From The Tenth Amendment Center:

COLUMBIA, S.C. (Dec. 4, 2015) – Several bills introduced in the South Carolina legislature would end state cooperation with some contentious federal refugee resettlement programs, a significant step towards nullifying them in practice in the state.

Legislators have filed five different bills that would limit state cooperation with Syrian refugee resettlement to varying degrees by denying the use of state personnel and resources.

Rep. Michael Pitts and Rep. Greg Delleney introduced the strongest of these bills on Thursday. The joint resolution (H.4488) would prohibit any state agency, department, entity, or instrumentality from assisting with or participating in the resettlement of refugees in the state pursuant to a federal refugee resettlement plan. The bill would also ban the state from expending any state funds, and from soliciting or accepting any federal funds, for such refugee resettlement.

Under South Carolina law, a joint resolution carries the weight of law.

The legislation wouldn’t actively interfere with federal resettlement of Middle Eastern Refugees, but it would stop any and all state assistance. Practically speaking, this would make the resettlement in South Carolina extremely difficult.

While two private voluntary agencies handle refugee reception and placement services in the state, but the South Carolina Department of Social Services runs a program to facilitate the federal refugee resettlement program.

“The Refugee Resettlement Program is established to help newly arriving population of refugees become self-sufficient in the shortest timeframe following their arrival in the United States. Refugees are individuals fleeing from persecution in their homelands who have been designated for resettlement elsewhere in the world. The Federal Office of Refugee Resettlement (ORR) provides funds, policy and over-site; but services are administered by the state.”

The state program provides vital cash, medical and social service assistance. In other words, the federal government depends on significant state action to resettle refugees. Without state administration of the federal program, it would be difficult to successfully resettle refugees. Even Ian Millhiser of ThinkProgress agrees, saying such policies would “potentially make settlement of refugees more difficult than it would be if the states cooperated.”

H.4488 rests on a rock-solid legal foundation known as the anti-commandeering doctrine. The Supreme Court has consistently held that the federal government cannot force states to provide resources for, or assist in implementing, any federal acts or programs. The Supreme Court established this doctrine primarily through four cases dating all the way back Prigg v. Pennsylvania in 1842.

Some states have used the same legal principle to establish “sanctuary cities” to limit cooperation with ICE.

Sen. Kevin Bryant introduced a similar resolution in the Senate. S.928 also denies material support to the any federal refugee resettlement plan, but provides some conditions the feds can meet to reestablish state cooperation. Once the US Department of State has reexamined the security concerns and established new processes for accepting refugees into the program, state support would resume.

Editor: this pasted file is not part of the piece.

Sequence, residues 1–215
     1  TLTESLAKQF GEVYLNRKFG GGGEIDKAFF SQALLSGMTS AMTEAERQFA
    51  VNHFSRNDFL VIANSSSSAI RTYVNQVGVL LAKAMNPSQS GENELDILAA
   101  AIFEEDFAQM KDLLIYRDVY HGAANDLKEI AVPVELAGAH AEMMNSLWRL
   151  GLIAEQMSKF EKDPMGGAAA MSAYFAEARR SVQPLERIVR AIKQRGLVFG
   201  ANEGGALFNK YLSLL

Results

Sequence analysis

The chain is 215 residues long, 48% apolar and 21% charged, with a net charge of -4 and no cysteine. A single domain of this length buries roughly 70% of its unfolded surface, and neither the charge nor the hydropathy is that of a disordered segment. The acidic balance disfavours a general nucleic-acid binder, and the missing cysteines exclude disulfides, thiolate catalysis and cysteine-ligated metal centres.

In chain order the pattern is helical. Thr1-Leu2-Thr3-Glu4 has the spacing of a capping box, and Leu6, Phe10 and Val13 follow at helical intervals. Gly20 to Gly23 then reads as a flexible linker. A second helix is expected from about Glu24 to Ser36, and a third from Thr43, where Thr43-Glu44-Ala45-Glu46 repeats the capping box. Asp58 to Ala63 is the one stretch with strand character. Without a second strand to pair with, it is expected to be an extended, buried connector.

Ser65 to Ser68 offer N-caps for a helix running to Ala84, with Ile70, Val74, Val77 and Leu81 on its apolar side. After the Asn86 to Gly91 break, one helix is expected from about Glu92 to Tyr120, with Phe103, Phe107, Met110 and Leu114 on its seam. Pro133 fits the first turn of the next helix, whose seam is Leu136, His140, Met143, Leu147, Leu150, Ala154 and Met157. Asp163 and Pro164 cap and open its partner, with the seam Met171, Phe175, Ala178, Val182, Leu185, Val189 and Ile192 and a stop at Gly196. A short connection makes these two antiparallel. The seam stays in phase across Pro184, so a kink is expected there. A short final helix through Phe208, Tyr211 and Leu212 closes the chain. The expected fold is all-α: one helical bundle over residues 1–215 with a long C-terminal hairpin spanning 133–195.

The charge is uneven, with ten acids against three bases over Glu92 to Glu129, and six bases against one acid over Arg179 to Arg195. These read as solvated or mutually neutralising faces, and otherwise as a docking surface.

S.928 also includes a provision requiring state law enforcement to “confirm that any refugees placed in South Carolina by the federal government pursuant to the Refugee Resettlement Program do not pose a public safety risk.”

Two additional House Bills take a similar approach, but just address funding. H.4477 and H.4408 feature different wording, but would essentially have the same effect – banning expenditure of any state funds on refugee resettlement.

A final proposed bill offers a more moderate approach. H.4396 would empower local governments to refuse cooperation with refugee resettlement. The legislation would allow a local government to apply for a moratorium on new refugee resettlement activities in a community that lacks sufficient “absorptive capacity.” The bill sets out a number of criteria to define “absorptive capacity” and requires the S.C. DSS to initiate evaluations for communities hosting refugees on a regular basis.

If the DSS determines insufficient “absorptive capacity” exists “the state office for refugees shall suspend additional resettlement of refugees in that community until the state refugee coordinator and the local government have jointly determined that sufficient absorptive capacity for refugee resettlement exists to implement the initial refugee placement plan prepared for the host refugee community.”

Like the broader proposals, local refusal to accept refugees could throw major roadblocks to resettlement in that community.

Practically speaking, passage of any of the first four bills hinder refugee resettlement in the state. While resettlement is a federal policy, the feds depend on the state to implement it in South Carolina. Without state help, the likelihood of any resettlement happening in the Palmetto State is greatly reduced. Passage of the fifth bill would bring the issue to a local level, and would allow a city or county to hinder resettlement in the same way.

All of the House Bills were referred to the House Committee on Judiciary for further consideration. The Senate bill was referred to the Senate Committee on General.

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